3D chips: The next electronics revolution

New chip-design technology promises higher performance and lower power consumption

To accomplish anything in the suburbs, you need to get in your car and drive to another address. Downtown, in a skyscraper, you just use an elevator.

Elevators are more efficient -- and the semiconductor industry has taken notice (metaphorically speaking) with a trend toward 3D chip design. Instead of putting dies in separate packages, soldered to a circuit board and sending data through their I/O ports to other chips (i.e., driving through the suburbs), dies are stacked and data is moved from one layer to the next (i.e., via the elevator).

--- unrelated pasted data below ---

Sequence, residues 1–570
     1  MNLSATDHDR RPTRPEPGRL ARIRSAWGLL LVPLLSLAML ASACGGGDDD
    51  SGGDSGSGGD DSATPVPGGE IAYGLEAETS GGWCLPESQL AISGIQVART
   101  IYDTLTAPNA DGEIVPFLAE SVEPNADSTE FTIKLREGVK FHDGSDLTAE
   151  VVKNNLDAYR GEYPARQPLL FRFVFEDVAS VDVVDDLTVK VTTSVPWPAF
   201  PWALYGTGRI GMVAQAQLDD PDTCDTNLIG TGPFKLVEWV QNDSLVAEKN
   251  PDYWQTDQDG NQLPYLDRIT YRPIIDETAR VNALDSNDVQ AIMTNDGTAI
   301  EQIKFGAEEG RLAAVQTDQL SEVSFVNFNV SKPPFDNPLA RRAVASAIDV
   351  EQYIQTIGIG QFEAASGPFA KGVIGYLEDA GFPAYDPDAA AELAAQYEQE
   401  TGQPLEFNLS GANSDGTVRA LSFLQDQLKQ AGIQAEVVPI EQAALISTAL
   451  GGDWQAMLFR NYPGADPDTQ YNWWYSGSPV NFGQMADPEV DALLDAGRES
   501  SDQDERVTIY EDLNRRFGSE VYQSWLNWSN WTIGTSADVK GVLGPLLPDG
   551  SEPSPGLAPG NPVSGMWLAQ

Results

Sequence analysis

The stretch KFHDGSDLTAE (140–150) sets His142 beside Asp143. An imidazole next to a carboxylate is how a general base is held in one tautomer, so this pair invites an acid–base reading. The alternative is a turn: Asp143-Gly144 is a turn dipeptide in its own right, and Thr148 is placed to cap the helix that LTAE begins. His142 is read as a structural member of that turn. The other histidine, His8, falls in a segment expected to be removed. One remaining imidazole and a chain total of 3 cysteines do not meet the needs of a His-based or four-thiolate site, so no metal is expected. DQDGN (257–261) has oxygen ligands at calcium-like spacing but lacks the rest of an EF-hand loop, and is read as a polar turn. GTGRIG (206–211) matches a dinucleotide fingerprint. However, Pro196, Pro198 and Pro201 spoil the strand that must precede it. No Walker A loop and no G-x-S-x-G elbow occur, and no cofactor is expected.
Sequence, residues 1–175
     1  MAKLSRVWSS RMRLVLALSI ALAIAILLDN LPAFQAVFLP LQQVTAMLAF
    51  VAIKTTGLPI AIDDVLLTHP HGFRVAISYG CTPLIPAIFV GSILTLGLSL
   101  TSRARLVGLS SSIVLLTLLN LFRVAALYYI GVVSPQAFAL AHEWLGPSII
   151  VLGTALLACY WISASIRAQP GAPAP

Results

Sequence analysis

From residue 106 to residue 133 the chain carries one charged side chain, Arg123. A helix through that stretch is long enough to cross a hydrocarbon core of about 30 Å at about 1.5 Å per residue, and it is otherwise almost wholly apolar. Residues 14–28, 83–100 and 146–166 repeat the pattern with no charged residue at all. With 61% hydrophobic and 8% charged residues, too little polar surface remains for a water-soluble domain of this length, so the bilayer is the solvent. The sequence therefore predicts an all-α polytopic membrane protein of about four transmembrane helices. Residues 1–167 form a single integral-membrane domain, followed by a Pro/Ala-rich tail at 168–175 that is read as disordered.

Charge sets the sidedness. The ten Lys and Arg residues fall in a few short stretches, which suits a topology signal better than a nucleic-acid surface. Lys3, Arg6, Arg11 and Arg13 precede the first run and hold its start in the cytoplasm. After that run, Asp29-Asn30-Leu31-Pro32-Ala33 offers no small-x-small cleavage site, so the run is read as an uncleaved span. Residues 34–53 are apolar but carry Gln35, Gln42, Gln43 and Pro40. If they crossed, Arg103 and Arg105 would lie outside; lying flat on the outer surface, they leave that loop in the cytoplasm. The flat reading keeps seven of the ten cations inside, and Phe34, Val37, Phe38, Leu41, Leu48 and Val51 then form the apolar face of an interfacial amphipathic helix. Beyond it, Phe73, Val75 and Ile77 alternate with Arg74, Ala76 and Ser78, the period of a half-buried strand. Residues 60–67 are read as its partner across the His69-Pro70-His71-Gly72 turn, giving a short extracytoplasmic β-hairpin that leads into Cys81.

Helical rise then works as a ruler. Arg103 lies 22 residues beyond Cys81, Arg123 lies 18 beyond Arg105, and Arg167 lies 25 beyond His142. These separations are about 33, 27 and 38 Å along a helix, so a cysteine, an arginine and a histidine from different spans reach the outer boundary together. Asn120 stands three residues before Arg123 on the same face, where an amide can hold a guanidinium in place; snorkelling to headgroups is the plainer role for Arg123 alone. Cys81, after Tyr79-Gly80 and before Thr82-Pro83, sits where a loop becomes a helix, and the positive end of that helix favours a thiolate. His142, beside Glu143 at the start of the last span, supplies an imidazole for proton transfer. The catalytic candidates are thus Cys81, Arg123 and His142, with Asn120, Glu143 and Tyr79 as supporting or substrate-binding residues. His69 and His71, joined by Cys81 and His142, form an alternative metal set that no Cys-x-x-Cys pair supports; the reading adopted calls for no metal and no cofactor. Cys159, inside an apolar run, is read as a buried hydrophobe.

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Chip industry insiders, such as Brian Cronquist, vice president at Monolithic 3D Inc., a 3D chip technology startup in San Jose, say that a 3D design using two stacked dies with 22-nanometer geometry would produce much the same result -- including reduced wire length, gate size and device power consumption -- as moving to one die with 15nm geometry. (According to Intel , a 22nm transistor's gates are so small that over 4,000 of them could fit across the width of a single human hair.)

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